Source: The Intercept
Jamie Stewart voted for Donald Trump, but she thinks the president is a “jackass.” She doesn’t really love to talk about what he’s doing or why she voted for him.
“They should take his phone away from him,” she says. “He posts stupid shit all the time.”
In a series of interviews that stretched over a year, Stewart was ambivalent when pressed about the president’s accomplishments or any promises he might have kept. “I don’t really pay attention,” she says. “I don’t have time to give a shit.”
Since Trump astonished himself and the world on election night last year, observers have scrambled to figure out people like Stewart, Middle America’s “white working class.” Why did they vote as they did? And were they going to do it again?
“Economic anxiety” quickly became the default explanation — which, as some have since pointed out, doesn’t account for the economic anxiety of nonwhites who didn’t vote for Trump or consistent support for the president among whites across class and income. “This is not a working-class coalition,” The Atlantic’s Adam Serwer wrote in a detailed analysis of the vote. “It is a nationalist one.” Those who argued that the anxiety was more racial than economic called Trump’s election a “whitelash” and a “temper tantrum.” Others saw it as “political nihilism,” “the revenge of the forgotten class.”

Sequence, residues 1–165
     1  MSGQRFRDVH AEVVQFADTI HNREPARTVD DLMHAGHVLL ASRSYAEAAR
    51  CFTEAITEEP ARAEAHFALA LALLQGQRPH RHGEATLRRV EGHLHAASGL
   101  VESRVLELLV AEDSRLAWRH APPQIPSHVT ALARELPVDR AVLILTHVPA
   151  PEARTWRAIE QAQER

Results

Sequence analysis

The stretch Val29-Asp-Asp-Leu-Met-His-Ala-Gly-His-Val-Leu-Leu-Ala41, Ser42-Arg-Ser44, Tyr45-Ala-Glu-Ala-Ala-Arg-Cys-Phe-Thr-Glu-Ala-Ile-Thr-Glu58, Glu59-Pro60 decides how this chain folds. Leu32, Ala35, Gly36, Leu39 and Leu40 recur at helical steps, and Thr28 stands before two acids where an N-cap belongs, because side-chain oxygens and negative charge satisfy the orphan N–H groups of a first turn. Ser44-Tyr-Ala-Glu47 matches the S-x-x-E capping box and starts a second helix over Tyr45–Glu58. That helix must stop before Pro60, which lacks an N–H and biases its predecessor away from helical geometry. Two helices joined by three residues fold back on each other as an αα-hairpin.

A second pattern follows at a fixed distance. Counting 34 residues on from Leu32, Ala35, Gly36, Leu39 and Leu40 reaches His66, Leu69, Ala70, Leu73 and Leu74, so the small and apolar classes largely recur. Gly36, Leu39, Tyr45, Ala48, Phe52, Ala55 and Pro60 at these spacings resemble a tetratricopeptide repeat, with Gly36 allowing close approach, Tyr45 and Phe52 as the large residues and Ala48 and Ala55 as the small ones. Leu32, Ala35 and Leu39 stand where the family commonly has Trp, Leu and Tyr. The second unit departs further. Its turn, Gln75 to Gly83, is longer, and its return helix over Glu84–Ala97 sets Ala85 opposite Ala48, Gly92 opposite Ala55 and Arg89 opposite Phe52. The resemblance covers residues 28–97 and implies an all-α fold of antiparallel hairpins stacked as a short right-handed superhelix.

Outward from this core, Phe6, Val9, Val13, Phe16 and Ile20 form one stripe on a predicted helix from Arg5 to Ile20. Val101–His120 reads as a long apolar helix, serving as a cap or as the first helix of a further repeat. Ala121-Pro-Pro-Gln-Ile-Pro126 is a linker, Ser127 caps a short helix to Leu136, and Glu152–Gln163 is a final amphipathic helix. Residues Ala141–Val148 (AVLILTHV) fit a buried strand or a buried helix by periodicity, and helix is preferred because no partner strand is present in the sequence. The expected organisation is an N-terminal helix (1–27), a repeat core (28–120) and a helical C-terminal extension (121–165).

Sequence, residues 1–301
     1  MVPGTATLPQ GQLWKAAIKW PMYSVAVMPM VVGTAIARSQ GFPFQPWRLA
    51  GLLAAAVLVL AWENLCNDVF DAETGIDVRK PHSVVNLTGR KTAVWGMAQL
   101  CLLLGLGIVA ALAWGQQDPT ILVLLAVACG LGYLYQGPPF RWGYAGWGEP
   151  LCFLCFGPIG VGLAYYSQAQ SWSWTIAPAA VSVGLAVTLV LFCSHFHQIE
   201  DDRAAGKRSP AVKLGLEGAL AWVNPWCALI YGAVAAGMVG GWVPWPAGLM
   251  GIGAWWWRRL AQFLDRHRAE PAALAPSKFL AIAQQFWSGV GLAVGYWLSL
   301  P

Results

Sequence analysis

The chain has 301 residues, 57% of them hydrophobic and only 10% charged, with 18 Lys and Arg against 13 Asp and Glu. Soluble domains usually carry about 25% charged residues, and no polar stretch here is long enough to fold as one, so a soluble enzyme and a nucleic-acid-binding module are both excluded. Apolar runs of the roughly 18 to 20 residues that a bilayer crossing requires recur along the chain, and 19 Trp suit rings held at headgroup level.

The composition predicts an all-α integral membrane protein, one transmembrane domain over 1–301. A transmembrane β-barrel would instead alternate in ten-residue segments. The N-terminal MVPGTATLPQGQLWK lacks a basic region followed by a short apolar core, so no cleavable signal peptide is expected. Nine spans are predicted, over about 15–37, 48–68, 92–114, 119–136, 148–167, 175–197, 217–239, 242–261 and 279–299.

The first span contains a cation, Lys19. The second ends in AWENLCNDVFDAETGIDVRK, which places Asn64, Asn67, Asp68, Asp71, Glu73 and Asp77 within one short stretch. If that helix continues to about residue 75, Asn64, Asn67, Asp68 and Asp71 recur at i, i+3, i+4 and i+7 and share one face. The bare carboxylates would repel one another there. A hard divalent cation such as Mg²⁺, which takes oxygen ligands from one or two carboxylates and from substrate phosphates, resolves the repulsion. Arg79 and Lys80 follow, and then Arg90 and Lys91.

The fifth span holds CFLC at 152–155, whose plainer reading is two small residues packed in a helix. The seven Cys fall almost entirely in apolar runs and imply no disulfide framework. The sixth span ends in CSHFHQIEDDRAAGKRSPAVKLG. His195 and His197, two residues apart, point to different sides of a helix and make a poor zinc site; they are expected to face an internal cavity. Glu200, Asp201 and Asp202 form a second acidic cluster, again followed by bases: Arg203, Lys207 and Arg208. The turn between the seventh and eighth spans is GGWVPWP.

A year into his dysfunctional presidency, Trump hasn’t delivered much — certainly not in the corner of West Virginia where Stewart lives. Her relatives and neighbors worked in the state’s coal mines for generations and are struggling to find work.
Stewart works as a customer service manager at Walmart — though not enough hours to receive benefits or health insurance from her employer. She is raising her 10-year-old autistic son, Wyatt, mostly alone.